By Gideon Adonai
The wave of brain drain continues to rise as the demand for Zimbabwean professionals around the world snowballs with Angola and Qatar, the latest countries that have requested for teachers and other professions to work in the public service.
Already, Zimbabwe government is finalising vetting of 225 professionals who are to be posted to Rwanda after the two countries signed a memorandum of understanding on exchange of teachers including medical personnel who are undergoing medical checkups and police clearance.
Speaking at a workshop on capacity development initiative on promoting ethical recruitment and rights based bilateral labour migration agreements in the Southern African Region here in Victoria Falls yesterday, Public Service, Labour and Social Welfare Minister Professor Paul Mavima said Government is working to come up with bilateral agreements with countries where Zimbabweans will be working in order to guarantee safety of its citizens.
The workshop which started on Monday, was organised by the International Organisation for Migration (IOM) which administers the Southern African Migration Management Project and Africa Regional Migration Programme funded by the European Union and United States respectively in collaboration with the Government of Zimbabwe.
Prof Mavima said there is no database of Zimbabweans, both professional and informal, outside the country.
Bilateral agreements will help create a database and the country will also benefit from diaspora remittances and philanthropic work.
“So far we have one bilateral agreement that we have signed with Rwanda and based on that we are actually seeing requests coming from other countries. Angola has requested for English teachers and Qatar wants other skilled personnel from Zimbabwe.
“We have Zimbabwean professionals everywhere but we don’t even know the conditions they are working in and so we need a mechanism,” said Prof Mavima.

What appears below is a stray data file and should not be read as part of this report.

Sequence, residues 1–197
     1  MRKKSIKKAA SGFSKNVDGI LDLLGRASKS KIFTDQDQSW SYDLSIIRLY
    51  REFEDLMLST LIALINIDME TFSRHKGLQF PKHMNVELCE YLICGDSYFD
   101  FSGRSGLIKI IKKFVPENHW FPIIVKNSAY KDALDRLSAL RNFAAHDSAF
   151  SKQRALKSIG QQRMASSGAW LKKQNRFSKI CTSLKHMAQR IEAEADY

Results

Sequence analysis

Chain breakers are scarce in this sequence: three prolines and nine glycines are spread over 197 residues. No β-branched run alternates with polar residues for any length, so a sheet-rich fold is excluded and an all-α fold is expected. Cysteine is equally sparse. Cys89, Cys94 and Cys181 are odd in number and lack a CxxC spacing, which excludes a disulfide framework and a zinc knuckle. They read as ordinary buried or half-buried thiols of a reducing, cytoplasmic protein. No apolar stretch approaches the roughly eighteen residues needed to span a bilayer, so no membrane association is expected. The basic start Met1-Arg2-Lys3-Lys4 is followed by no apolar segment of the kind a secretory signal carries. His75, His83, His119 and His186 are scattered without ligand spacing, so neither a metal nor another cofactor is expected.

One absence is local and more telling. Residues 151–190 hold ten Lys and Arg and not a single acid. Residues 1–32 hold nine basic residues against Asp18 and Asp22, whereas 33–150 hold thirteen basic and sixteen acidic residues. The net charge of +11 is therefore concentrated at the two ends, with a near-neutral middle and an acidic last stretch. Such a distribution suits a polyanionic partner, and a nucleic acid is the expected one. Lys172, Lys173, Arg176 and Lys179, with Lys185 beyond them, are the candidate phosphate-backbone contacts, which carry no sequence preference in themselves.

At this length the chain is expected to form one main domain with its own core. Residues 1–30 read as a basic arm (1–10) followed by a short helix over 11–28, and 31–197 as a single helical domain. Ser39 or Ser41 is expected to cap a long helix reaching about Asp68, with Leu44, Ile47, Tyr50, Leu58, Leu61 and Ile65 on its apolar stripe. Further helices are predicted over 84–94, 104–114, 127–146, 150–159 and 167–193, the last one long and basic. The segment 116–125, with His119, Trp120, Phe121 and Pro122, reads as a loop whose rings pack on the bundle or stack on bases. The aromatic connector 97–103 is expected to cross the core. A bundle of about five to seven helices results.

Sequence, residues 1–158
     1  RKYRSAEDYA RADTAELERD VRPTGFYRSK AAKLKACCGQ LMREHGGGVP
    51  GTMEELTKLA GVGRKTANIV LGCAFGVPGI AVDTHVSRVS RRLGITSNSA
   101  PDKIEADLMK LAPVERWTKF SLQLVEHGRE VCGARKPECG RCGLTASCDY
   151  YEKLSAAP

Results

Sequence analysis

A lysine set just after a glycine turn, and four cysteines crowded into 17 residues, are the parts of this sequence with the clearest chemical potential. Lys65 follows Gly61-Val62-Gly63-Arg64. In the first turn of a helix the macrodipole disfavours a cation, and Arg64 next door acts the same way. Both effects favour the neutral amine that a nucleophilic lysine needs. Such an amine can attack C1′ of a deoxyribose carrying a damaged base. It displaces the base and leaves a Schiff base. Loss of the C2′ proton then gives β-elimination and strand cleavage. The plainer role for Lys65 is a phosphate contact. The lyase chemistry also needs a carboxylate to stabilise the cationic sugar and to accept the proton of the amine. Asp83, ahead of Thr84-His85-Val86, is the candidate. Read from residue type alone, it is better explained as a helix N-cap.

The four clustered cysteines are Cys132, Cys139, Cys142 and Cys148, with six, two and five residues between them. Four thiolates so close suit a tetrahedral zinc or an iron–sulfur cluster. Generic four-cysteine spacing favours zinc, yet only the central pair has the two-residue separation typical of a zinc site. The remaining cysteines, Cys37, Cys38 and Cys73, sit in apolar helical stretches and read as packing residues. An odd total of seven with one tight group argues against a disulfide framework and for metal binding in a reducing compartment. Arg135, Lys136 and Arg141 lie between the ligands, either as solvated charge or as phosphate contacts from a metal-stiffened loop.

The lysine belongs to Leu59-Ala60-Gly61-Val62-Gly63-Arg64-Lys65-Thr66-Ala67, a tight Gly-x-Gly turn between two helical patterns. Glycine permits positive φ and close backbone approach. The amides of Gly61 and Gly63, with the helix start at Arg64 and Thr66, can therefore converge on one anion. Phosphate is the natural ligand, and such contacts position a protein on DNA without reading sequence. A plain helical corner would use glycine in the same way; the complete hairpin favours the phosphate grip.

He said engagements with Angola and Qatar will determine finer details of the possible postings.
Minister Mavima said citizens should be conscientised on the dangers that befall people who use irregular channels to go to other nations.
He said migration around the continent is on the rise due to a multiplicity of factors including economic conditions, political instability, conflict and civil strife as well as pull factors in receiving countries.
Prof Mavima said it is good that Zimbabwe is beginning to get requests for its professionals from other countries.
Previously some citizens have gone to other countries with the help of private recruitment agents and gotten stranded until Government intervened.
“We want to avoid that and bilaterals are the best way to make sure the country benefit and citizens are safe. Ultimately what we want is a situation where there is proper treatment of those who migrate from Zimbabwe to other countries,” he said.
Thousands of Zimbabweans are in neighbouring countries and the region as well as far afield.
There are 281 million citizens of the world who are outside their countries.
Prof Mavima said Sadc member states are grappling with how to effectively manage migration and enhance contribution towards regional development and integration in line with aspirations of Sadc
Labour Migration Policy Framework and Action Plan (2020-2025).
Increased migration has exposed migrants to human trafficking, abuse, exploitation, migrant smuggling and modern slavery.
Matabeleland North Provincial Affairs and Devolution Minister Richard Moyo who was represented by Hwange District Development Coordinator Mr Simon Muleya said it was opportune to address migration and unethical recruitment as Victoria Falls is one of the transit zones for migrants from the region going to South Africa.
IOM regional manager Mr Sylvester Deane said there is need to put in place targeted measures to counter migrant exploitation and to promote good labour migration governance and ethical recruitment.